Laywers behind the nationwide concussion lawsuit against the
National Collegiate Athletics Association, which resulted in a $70 million
settlement to improve “medical monitoring” of college football players and
other athletes at risk of brain injuries, have now asked a Chicago federal
judge to award them attorney fees of $15 million.
And another law firm, who represented an objector to the
initial settlement and now claims their work added $50 million to the value of
the settlement, has requested the court order an additional $6 million in fees.
On January 13, attorneys Steven W. Berman and Elizabeth A.
Fegan, of the firm of Hagens Berman Sobol Shapiro LLP, of Seattle and Chicago;
attorney Joseph J. Siprut, of Siprut P.C., of Chicago; attorney Richard Lewis, of
Hausfeld LLP, of Washington D.C.; and attorney Charles Zimmerman, of the
Zimmerman Reed, of Minneapolis, filed a motion in Chicago federal court, requesting
the primary fee award for their work on behalf of a number of college athletes,
named as plaintiffs in the legal action against the NCAA, as well as a class of
That was accompanied on that same date by a motion for fees
from attorneys Jay Edelson, Rafey Balabanian, Ari Scharg and Benjamin Thomassen,
of Edelson P.C., of Chicago, who represented Anthony Nichols, a plaintiffs’
class member who objected to an initial version of the settlement.
The fee requests come amid some of the closing steps in the
massive litigation launched against the NCAA in 2011, first in a lawsuit
brought by former Eastern Illinois University football player Adrian Arrington,
over its alleged mistreatment of college athletes who suffered concussions and
other head and brain injuries while playing college football and other
In January 2016, the NCAA and the plaintiffs submitted a
settlement agreement to U.S. District Judge John Z. Lee which would end the
litigation against the NCAA in exchange for the NCAA’s agreement to spend $70
million to institute a “Medical Monitoring Program” for current and former
college athletes, and to institute other “corrective measures” to better
address athletes’ health and safety when practicing and competing at official
NCAA-sanctioned games and events.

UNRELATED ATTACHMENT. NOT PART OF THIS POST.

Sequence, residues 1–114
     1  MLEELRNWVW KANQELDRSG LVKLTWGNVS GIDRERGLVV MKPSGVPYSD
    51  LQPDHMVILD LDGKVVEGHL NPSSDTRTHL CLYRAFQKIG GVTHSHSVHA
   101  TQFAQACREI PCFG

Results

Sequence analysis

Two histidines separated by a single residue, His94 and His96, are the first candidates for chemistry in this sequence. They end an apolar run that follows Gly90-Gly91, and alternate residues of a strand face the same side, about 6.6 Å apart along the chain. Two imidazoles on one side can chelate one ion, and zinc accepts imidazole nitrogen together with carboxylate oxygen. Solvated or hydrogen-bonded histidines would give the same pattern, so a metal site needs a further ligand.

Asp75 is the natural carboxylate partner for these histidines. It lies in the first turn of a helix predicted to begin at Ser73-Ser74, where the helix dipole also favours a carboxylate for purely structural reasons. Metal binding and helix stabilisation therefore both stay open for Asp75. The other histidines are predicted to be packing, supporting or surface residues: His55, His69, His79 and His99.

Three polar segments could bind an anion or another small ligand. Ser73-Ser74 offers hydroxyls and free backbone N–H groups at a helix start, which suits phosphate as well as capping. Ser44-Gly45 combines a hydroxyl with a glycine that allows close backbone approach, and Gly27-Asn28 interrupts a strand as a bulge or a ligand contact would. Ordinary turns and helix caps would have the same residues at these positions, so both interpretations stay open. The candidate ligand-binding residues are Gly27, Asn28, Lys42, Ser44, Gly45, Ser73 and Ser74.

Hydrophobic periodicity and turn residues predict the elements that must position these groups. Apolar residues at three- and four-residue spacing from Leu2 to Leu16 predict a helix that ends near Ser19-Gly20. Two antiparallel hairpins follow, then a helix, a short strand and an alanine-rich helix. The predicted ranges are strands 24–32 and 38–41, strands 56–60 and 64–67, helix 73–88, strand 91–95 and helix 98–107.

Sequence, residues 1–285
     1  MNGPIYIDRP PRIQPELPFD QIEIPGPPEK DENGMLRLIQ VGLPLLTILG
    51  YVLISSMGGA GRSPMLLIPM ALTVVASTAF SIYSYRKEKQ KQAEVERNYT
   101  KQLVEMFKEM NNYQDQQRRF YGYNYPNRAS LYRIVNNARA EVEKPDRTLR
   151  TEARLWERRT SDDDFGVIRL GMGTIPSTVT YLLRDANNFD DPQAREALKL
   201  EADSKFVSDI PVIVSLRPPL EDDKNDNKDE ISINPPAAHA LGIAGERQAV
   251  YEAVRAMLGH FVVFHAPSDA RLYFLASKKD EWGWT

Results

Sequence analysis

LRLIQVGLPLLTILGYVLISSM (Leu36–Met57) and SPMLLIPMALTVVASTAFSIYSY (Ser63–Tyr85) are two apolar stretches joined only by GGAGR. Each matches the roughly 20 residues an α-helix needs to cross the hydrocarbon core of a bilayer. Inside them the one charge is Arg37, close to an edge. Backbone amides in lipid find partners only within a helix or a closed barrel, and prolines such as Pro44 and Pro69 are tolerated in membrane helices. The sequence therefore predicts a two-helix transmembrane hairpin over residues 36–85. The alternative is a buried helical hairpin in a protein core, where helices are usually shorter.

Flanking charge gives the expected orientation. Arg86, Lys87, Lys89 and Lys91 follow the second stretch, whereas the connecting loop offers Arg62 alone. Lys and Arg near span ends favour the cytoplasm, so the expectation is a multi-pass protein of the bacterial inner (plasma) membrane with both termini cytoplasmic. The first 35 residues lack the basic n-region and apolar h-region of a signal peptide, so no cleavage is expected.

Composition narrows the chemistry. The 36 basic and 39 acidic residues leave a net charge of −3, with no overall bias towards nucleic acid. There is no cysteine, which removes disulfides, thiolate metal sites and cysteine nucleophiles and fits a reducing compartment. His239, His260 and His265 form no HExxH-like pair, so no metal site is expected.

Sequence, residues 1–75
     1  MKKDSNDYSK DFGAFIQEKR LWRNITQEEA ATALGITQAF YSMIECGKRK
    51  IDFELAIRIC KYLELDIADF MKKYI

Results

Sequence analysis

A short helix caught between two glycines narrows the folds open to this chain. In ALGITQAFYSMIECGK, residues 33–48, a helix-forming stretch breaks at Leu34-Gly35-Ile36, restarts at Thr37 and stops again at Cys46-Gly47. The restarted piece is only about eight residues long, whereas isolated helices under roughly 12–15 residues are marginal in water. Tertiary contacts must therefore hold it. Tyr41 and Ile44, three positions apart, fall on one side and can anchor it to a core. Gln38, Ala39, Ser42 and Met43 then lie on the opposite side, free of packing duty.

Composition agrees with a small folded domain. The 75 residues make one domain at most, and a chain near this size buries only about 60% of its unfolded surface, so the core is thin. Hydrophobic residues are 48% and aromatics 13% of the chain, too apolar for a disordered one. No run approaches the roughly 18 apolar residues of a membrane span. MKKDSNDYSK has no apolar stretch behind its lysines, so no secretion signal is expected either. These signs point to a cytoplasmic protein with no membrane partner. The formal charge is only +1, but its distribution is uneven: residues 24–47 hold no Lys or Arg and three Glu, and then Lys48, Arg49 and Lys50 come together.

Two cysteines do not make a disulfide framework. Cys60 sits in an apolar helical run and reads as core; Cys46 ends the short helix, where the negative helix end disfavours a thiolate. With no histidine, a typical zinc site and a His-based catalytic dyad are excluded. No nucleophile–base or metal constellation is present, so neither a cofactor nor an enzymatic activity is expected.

As part of that settlement, the NCAA pledged not to object
to paying plaintiffs’ attorneys fees of $15 million, and paying class
representatives $2,500-$5,000 each.
In their motion for $15 million, the lead plaintiffs’
attorneys argued their fee request was “reasonable” because it represented only
21 percent of the sum the NCAA had agreed to invest in the medical monitoring program
and the “class counsel” attorneys had “performed excellently.”
“Only after the significant labor of prosecution was
completed did the NCAA seek to enter settlement negotiations,” the attorneys
wrote in their fee request motion. “The settlement that Class Counsel has
achieved is significant in terms of the scope and term of the Medical
Monitoring Program made available to the Class; and, while Class Counsel seeks
no compensation for this, the Settlement also provides for injunctive relief
that will achieve significant changes going forward to the concussion
management and return-to-play protocols implemented among the thousands of NCAA
In the additional fee request, however, the Edelson lawyers
argued the settlement relief would have been “largely illusory,” if not for
their work on behalf of Nichols.
They said an initial version of the settlement was “hastily
reached and ill-considered,” and was structured in such a way that it could
allow more than $50 million to revert back to the NCAA, while “creating a
benefit of less than $200,000” for college athletes seeking to take advantage
of the free brain screening and other services offered through a monitoring
program Nichols’ lawyers described as “cumbersome and designed to deter
participation in the settlement.”
They further alleged the earlier version of the settlement
didn’t include sufficient player safeguards or extensive enough notice
provisions to spread the word about the deal to enough former NCAA athletes.
They asserted Nichols’ objections were instrumental in
sending the deal back out for more negotiation, and for persuading Judge Lee to
not allow any of the $70 million to be returned to the NCAA, to roughly triple
the number of medical monitoring sites across the country, and make it easier
for former athletes to learn of the settlement and to access the monitoring
program, among other changes.
The Edelson lawyers said these changes should equate to
attorney fees of $10 million or more, but they are requesting $6 million.
“… At least $50 million, or more than two-thirds, of the
settlement’s value can be traced to changes forced by Nichols’s objections,”
the Edelson lawyers wrote.
They also asked the judge to award Nichols $5,000.